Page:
A good man can make you feel sexy, strong, and able to take on the world.... oh, sorry.... that's wine...wine does that...



  4. #64
    Join Date
    Jul. 16, 2009
    Posts
    167

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    ElementFarm - It's funny that you mention singing to your horse, I have done this, a lot. And I frequently ride to music on my phone (not ear phones of course), so that both of us have something else to focus on. Sometimes it helps, sometimes it doesn't. It really just depends on the day and her moods.

    As far as type of spooker, she's one that spooks at noises and things that are "different" in the arena from day to day. She also finds mystery monsters, but it is typically an auditory spook.



  5. #65
    Join Date
    Aug. 18, 2003
    Location
    Brenham, TX
    Posts
    4,961

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    Buy a pair of Pomms from SmartPak. Worth the 10 bucks to see if it helps. We use them at shows on my hunter and it has helped her not be distracted. She wasn't a big spooker, per se, but did get distracted with all the hub-bub at shows. The ear plugs helped her tune out some of the distractions.

    http://www.smartpakequine.com/pomms-...ugs-7741p.aspx
    Triple J Ranch Sporthorses
    www.triplejsporthorse.com
    Member - OMGiH I LOFF my mare(s) clique



  6. #66
    Join Date
    Mar. 24, 2010
    Location
    Tucson
    Posts
    6,496

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    Quote Originally Posted by inca View Post
    Buy a pair of Pomms from SmartPak. Worth the 10 bucks to see if it helps. We use them at shows on my hunter and it has helped her not be distracted. She wasn't a big spooker, per se, but did get distracted with all the hub-bub at shows. The ear plugs helped her tune out some of the distractions.

    http://www.smartpakequine.com/pomms-...ugs-7741p.aspx
    Too bad it's illegal in dressage.
    My horse is a dressage diva so I don't have to be.

    Quote Originally Posted by katarine
    If you have a fat gay horse that likes Parelli, you're really screwed



  7. #67
    Join Date
    Jun. 21, 2009
    Location
    Hunterdon County NJ
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    My only problem with ear plugs is it can make the horses crazy ear shy. Now thats probably because most people just jam them into the ear and don't spend the time to teach the horses to calmly accept them, like clippers. But still, ear shyness is very often the result of using the ear poms.



  8. #68
    Join Date
    Jul. 14, 2003
    Location
    MA
    Posts
    6,435

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    Quote Originally Posted by Isabeau Z Solace View Post
    My only problem with ear plugs is it can make the horses crazy ear shy. Now thats probably because most people just jam them into the ear and don't spend the time to teach the horses to calmly accept them, like clippers. But still, ear shyness is very often the result of using the ear poms.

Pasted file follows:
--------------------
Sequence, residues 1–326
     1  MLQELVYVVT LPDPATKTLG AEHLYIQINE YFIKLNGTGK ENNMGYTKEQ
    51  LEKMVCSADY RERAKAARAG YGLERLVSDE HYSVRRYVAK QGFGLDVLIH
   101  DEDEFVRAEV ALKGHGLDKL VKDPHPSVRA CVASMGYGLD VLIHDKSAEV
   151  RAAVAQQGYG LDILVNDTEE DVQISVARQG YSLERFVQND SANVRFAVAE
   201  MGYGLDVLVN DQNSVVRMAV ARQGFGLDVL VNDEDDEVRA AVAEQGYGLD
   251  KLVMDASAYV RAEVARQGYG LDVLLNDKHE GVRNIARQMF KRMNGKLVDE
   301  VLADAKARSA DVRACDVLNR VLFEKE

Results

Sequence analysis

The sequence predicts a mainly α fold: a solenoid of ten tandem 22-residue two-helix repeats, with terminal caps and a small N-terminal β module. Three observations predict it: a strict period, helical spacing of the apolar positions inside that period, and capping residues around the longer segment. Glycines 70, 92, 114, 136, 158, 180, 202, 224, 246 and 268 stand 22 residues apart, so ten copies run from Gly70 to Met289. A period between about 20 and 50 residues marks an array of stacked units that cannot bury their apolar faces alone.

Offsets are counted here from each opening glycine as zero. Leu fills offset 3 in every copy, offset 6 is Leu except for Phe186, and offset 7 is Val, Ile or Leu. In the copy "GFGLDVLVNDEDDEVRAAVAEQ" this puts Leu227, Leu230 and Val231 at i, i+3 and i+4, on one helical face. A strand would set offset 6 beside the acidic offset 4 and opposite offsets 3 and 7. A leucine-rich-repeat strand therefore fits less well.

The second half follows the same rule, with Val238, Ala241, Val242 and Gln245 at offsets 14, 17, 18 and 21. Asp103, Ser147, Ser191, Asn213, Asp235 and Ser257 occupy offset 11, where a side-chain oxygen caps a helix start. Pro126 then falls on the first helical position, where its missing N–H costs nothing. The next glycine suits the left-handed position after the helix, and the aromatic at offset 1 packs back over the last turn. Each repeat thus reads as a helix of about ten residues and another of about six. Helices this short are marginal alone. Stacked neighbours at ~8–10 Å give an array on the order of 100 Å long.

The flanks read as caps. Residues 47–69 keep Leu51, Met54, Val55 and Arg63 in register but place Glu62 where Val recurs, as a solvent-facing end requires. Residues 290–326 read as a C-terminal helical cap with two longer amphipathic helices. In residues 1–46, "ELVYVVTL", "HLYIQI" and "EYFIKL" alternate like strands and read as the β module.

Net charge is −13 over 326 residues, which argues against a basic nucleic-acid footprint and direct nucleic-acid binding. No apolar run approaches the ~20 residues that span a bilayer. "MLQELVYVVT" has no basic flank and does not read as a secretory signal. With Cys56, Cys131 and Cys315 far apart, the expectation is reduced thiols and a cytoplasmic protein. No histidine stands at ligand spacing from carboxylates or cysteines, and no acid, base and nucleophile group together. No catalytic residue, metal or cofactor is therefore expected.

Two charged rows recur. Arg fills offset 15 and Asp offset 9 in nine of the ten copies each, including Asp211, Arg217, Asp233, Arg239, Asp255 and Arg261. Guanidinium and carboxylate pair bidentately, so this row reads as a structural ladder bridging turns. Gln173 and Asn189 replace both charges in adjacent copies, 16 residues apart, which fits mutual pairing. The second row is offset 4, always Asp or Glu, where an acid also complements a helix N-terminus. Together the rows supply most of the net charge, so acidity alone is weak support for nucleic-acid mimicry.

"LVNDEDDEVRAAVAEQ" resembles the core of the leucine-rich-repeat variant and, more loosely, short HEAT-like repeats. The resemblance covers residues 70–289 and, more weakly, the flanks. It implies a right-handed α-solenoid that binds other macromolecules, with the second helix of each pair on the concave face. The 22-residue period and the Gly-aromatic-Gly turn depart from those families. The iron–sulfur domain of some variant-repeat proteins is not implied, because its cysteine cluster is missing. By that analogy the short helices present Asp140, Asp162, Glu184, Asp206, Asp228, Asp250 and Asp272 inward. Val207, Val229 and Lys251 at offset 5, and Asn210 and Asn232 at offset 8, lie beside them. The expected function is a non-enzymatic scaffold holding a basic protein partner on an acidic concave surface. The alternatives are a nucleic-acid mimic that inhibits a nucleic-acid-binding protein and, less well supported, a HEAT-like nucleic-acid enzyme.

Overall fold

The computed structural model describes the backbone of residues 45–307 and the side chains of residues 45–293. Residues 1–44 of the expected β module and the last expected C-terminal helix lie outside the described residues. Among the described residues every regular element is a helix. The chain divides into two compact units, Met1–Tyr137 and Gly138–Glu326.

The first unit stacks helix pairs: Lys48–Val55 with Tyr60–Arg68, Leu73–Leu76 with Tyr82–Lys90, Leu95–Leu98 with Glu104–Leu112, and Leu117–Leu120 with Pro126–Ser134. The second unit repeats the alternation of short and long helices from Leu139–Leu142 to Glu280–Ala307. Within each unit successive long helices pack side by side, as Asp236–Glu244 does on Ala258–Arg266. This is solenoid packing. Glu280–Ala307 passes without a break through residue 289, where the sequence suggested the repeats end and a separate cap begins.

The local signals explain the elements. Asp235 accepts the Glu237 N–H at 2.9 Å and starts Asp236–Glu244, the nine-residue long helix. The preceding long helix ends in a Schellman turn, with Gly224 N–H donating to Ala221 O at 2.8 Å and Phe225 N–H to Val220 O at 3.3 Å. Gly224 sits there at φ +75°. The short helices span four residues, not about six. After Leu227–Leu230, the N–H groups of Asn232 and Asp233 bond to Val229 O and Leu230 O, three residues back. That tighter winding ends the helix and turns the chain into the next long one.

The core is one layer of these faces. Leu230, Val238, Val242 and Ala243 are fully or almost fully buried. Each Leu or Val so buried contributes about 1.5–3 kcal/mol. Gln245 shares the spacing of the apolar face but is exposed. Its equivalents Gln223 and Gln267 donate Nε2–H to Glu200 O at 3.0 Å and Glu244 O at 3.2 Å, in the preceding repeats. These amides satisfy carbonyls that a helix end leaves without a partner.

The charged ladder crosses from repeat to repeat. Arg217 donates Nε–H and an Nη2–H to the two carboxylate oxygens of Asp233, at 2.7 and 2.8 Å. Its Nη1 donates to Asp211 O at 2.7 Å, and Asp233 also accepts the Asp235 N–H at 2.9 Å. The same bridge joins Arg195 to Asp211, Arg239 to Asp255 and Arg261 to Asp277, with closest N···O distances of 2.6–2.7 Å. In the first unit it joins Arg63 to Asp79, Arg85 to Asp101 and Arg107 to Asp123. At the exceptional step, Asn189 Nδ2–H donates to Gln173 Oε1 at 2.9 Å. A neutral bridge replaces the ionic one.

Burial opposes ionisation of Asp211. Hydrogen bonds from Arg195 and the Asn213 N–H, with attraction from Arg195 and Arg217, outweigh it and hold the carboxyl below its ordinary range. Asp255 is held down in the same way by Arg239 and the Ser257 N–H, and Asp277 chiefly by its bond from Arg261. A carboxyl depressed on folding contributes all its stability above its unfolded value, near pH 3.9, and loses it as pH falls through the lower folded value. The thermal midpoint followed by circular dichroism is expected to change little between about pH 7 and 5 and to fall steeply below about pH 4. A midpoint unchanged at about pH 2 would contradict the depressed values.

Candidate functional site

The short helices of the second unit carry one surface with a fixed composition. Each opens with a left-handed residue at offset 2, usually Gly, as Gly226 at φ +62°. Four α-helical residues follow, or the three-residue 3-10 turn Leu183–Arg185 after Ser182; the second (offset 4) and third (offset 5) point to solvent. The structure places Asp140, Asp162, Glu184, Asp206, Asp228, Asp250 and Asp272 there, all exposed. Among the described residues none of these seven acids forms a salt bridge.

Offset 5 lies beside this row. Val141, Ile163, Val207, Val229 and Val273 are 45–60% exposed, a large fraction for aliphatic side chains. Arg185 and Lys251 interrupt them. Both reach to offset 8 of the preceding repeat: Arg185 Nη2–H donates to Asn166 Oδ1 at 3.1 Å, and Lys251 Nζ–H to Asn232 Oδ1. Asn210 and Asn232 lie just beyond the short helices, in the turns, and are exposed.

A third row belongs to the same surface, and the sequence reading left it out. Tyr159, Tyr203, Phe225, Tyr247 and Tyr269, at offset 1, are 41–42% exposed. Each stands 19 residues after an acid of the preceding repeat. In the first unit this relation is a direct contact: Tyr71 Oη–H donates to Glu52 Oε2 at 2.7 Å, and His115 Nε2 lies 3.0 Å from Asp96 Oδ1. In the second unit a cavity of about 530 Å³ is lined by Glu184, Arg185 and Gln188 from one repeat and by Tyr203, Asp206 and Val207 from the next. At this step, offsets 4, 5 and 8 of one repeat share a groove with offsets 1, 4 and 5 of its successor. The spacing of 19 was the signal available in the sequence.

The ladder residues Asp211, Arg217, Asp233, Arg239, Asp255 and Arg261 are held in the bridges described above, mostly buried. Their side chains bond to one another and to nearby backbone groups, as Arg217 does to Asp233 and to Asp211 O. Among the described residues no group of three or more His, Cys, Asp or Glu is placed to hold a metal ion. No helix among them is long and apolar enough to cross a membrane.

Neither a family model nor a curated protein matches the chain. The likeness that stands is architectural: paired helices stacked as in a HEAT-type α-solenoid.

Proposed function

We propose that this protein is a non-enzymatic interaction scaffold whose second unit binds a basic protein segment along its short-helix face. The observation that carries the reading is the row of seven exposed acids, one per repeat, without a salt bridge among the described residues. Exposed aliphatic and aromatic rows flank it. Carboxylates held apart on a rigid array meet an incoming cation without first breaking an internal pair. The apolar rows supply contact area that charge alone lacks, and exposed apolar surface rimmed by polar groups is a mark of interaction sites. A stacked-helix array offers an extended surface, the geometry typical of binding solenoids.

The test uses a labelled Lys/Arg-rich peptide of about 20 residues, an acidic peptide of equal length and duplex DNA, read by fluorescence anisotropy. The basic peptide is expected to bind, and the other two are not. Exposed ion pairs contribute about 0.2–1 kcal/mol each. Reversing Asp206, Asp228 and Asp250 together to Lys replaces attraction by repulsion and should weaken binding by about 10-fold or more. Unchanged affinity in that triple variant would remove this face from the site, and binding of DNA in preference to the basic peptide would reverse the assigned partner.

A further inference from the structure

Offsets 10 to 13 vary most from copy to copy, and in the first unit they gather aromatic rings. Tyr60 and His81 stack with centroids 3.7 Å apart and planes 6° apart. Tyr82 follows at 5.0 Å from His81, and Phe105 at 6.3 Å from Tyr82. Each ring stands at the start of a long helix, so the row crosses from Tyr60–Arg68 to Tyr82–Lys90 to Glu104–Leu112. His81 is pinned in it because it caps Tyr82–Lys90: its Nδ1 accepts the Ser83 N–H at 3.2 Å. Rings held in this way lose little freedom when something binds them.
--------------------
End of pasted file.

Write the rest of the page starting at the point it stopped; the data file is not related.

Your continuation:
Huh. I thought ear shyness was the result of rude, short sighted veterinarians grabbing and twisting an ear to get the job done.


    Seriously, I wouldn't attempt to use ear plugs on a horse unless the horse is thoroughly used to having his ears handled.
    "Against stupidity the gods themselves contend in vain" ~Friedrich Schiller



  9. #69
    Join Date
    May. 17, 2010
    Posts
    743

    Default NH/Training

    When a horse is not just hot, but spooky, around a person that only means 1 thing. . . . the horse is not getting the right kind of leadership/training. Usually groundwork is the best place to start because it is safer for everyone involved. Whoever suggested John Lyons is right. But John Lyons program is not a clear to follow for someone new to the ideas as CAndersons. Watch some RFDTV, read some John Lyons, but best find a knowledgeable NH person who can help you TRAIN your horse to act nicely.

    WORD OF WARNING: Just because someone claims to be a NH trainer doesn't mean they know what they are doing. And sitting in a lawn chair motioning my horse into the trailer is NOT my idea of NH.

    PKN


    1 members found this post helpful.

  10. #70
    Join Date
    Aug. 18, 2003
    Location
    Brenham, TX
    Posts
    4,961

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    Not illegal to try them at home and see if they help you have more productive schooling sessions!

    I guess it depends on the horse and frequency of use. My mare is not the least bit ear shy due to the ear plugs. But, she was fine with them the first time we used them. We put them in one day in her stall so she could get used to them and it was no big deal. Another horse in the barn freaked about them so definitely does depend on the horse.
    Triple J Ranch Sporthorses
    www.triplejsporthorse.com
    Member - OMGiH I LOFF my mare(s) clique